Hackathons are exploding across New York City and the nation, and New Tech City has been checking in with participants to see why they attend, what they get out of the experience and what they'd like to hack at the next event.
For the uninitiated, a hackathon is an event — usually a few hours to a couple of days long — where software developers team up to solve a problem by quickly thinking up and creating new programs, products, services or apps.
Click on the audio below to hear people's impressions of the hackathons they've attended.
Ramzi Abdoch, 22
Abdoch is a "hacker-in-residence" at New York venture capital firm Scout Ventures and works on SWATCHIt, software he developed at one of his many hackathons. Abdoch says he attends hackathons to network.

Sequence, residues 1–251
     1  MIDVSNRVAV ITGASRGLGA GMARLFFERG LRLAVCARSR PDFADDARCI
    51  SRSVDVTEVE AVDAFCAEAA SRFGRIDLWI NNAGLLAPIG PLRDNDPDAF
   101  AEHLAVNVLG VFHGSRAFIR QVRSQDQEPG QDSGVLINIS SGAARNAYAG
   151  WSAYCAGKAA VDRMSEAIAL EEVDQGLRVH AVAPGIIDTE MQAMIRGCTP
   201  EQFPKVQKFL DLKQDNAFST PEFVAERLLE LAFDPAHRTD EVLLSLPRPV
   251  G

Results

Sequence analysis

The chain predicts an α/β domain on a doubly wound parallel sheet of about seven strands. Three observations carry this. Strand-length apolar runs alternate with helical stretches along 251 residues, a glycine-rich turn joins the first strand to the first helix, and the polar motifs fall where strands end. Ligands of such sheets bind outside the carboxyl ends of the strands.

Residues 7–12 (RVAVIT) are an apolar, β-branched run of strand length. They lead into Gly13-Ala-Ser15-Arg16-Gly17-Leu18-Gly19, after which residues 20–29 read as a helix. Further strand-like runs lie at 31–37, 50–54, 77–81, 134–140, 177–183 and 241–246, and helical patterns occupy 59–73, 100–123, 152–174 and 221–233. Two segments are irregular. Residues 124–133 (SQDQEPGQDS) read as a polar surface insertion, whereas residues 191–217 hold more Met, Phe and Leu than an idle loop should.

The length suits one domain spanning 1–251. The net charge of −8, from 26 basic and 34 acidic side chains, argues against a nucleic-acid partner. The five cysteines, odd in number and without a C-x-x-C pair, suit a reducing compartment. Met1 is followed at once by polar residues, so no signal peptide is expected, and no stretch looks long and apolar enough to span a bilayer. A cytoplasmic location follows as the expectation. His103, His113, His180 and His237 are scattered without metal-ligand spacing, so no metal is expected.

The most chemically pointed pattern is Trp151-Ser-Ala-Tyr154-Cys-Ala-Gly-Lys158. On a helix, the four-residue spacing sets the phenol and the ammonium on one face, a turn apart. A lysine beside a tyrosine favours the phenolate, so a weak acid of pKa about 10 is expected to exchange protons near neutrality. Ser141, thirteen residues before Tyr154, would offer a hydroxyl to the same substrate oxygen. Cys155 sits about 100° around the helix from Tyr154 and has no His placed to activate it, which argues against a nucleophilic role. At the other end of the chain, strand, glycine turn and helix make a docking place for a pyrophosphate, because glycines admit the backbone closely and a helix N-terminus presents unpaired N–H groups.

William Hockey, 23
Hockey is the founder and lead engineer of Plaid, a San Francisco-based API for spending data. He's a perfect 1-for-1 at hackathons, winning the grand prize at his first event. He says hackathons have nowhere to go but up.
Lisa Maione, 29
Maione is a graphic designer and educator from Brooklyn. She loves hackathons despite not fitting the profile of a "typical" attendee (male, can write code). Her team won the Publishing Hackathon in May after presenting at the the BookExpo America (B.E.A.).
Matthew Ruttley, 24
Hailing from the UK but living in NYC doing computer science research, Ruttley is a avid hackathon attendee. He calls them "the pulse, at the moment, of the technological golden age that we're in." He says he's attended more hackathons than he can count.
Jonathan Serrano, 24
Born and raised on the Lower East Side, Serrano loves the "innovation culture" of New York City. He's an interactive art director at an advertising agency, but it's hackathons where he really gets the creative freedom he wants.